Monday, February 4, 2008

Every incident is Buddha's compassion 2/4/08

Forgive me for this long story today.
It was January 2001, when my family came to the US from Japan. After seven years of wonderful life here in LA, we decided that all my family except for me would go back to Japan for mainly kids’ educational needs. They left LA last November. And February 1 was the day of my son’s entrance exam for the middle school in Tokyo.
The school said that they would announce the registration numbers of those who passed the exam on the web at 10pm on February 1st. I woke up before 5am on LA time, which is 10pm on Tokyo time of that day, and opened the school website. My son’s number was not there. Oh, he failed.

Luckily the entrance exam system of that middle school is designed so that students can take the exam on the following day again. I called to my wife in Tokyo. Although she knew that there is a second chance tomorrow, she was very much upset. She was feeling sorry for him that she could not give enough support for him, because she needed to spend most of her time for a daughter. She is an LD (Learning Disability) student and my wife was helping her prepare for a high school entrance exam for the last three months. I could hear my wife crying, holding a cell phone.
I said, “You have done everything you could. He will pass the next one!.” In my mind, however, I could not help but feeling uneasy too. “What will happen if he fails the next one again?” “He should have applied another middle school too…” . These thoughts repeatedly came up and occupied my mind. In this mindset, passing the exam has become the sole cause of my family’s happiness.

Recognizing this, but still holding the attached feeling of wishing his passing the exam, I started reciting the Lotus Sutra to gain calmness, mindfulness, and strength to see the reality of all existence. When in the midst of confusion, illusion, and attachment, we cannot see it all.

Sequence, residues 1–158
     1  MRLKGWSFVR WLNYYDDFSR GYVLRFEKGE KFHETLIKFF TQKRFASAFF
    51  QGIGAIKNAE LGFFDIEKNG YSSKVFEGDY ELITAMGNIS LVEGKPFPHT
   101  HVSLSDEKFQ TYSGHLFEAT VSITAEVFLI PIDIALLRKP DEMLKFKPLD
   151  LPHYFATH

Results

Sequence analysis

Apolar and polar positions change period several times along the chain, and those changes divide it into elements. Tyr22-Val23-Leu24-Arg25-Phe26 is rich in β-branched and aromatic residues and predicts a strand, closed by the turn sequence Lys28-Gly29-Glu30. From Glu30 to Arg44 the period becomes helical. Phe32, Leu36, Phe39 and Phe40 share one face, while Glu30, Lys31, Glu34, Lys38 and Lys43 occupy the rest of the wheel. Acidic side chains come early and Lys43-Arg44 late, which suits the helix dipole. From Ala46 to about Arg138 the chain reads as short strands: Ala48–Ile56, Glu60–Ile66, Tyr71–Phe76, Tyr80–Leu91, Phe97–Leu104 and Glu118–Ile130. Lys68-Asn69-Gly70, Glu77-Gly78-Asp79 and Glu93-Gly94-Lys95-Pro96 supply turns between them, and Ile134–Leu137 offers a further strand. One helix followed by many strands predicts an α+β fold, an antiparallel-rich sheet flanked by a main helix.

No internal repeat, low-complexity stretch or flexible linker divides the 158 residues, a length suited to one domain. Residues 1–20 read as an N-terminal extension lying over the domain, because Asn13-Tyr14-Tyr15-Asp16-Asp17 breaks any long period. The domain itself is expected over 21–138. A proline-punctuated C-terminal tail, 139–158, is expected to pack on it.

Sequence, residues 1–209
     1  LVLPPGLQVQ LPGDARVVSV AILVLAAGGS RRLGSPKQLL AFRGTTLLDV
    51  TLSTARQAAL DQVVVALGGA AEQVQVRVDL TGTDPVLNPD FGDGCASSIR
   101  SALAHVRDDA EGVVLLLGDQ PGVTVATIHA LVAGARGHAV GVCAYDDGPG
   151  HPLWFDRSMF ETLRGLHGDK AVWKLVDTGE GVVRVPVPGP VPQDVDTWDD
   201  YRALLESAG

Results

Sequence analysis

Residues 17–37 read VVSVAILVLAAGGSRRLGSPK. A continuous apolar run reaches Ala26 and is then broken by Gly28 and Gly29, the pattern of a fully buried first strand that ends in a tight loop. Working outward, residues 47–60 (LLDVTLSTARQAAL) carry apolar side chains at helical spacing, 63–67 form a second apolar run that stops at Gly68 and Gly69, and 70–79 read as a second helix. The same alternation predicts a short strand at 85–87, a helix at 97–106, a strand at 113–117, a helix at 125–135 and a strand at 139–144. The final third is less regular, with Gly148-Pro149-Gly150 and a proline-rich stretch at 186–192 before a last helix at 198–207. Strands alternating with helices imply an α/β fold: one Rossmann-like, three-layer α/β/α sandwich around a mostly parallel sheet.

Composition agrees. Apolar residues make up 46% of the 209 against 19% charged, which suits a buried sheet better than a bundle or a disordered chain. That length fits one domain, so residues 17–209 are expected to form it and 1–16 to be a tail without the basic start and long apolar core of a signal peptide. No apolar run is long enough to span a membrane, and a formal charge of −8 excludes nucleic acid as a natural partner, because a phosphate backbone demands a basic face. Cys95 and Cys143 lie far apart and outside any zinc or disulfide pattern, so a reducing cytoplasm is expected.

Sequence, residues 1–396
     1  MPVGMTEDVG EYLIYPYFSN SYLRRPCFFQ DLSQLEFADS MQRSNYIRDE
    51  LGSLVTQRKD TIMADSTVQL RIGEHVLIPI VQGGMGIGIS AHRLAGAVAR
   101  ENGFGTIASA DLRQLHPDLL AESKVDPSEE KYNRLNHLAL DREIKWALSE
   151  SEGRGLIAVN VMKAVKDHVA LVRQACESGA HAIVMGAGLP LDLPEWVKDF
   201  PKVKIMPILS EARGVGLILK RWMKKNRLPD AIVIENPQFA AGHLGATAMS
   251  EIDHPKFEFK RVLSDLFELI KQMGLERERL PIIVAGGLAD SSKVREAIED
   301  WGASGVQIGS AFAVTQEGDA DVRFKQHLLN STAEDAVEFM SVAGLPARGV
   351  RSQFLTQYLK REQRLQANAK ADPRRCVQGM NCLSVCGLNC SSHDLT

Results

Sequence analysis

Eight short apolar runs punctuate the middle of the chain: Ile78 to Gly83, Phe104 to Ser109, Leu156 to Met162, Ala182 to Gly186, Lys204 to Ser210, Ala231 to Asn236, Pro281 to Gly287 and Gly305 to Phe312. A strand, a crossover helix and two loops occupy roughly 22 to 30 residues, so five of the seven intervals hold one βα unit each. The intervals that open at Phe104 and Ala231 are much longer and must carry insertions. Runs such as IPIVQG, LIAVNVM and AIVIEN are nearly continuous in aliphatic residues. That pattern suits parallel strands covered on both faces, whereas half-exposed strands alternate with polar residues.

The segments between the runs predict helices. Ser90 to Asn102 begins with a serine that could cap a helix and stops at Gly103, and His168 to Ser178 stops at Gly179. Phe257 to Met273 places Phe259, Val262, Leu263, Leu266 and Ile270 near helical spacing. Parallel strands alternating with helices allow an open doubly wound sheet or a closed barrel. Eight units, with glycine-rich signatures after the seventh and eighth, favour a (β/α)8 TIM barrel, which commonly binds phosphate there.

Through reciting, I came to realize that we have done all we could do. Whatever the result is, it is the best result. We can start from there and build our future together.
One phrase in the Meditation Sutra came into my eyes;
“He must read the Great-Vehicle sutras and recite them, think of the meaning of the Great-Vehicle and reflect over its practice, and see all people in the same way as the Buddha see them, and treat living begins in the same way as father and mother treat their children.” ("The Threefold Lotus Sutra", by Bunno Kato)

I recalled how much my parents, particularly my mother, worried about me and prayed for me when I was taking exams for schools. Then right away I called my parents’ home in Japan. My mother nowadays became very weak and mostly stays in bed. But it was she who took the phone. I talked the story and expressed my appreciation to her. She said, “Well, I forgot what I did for you, my son.” But I remember what she did for me and I remember all the love I have received from my parents. And I realized that all blessings I have received from parents are always here with me, no matter whether my son will pass or will not pass the exam.

My wife went to offer a prayer to the Buddha at the Great Sacred Hall, where she met two of her best mentors. She received supportive words from them, similar to what I recognized.
We talked on the phone again;
“Every incident is Buddha's compassion for our awakening. Thanks to this experience, we were able to reflect on ourselves. Let our son do the exam, and let ourselves do what we need to do.”
My son took the exam again. In the following early morning, I jumped out from a bed and tuned on the computer. I found an email from my wife….

Thank you, Buddha.
Shoko Mizutani

2 comments:

Dave & Jan said...

I couldn't help but laugh that you left us hanging at the end of the story. It's funny how we want things wrapped neatly in a package but life is instead filled with change and uncertainty. Having lived much of my life on the road I know how difficult it is to be seperated from your family, especially at times like this. Know that we all appreciate the sacrifice you are making to help spread the Dharma in a place that really needs it.

gassho

The Grateful One said...

Thank you for sharing your honest feelings. I always like it when a quote from the Lotus Sutra comes to mind during these important times. You are a true example of
a "Bodhisattva in Action"

Gassho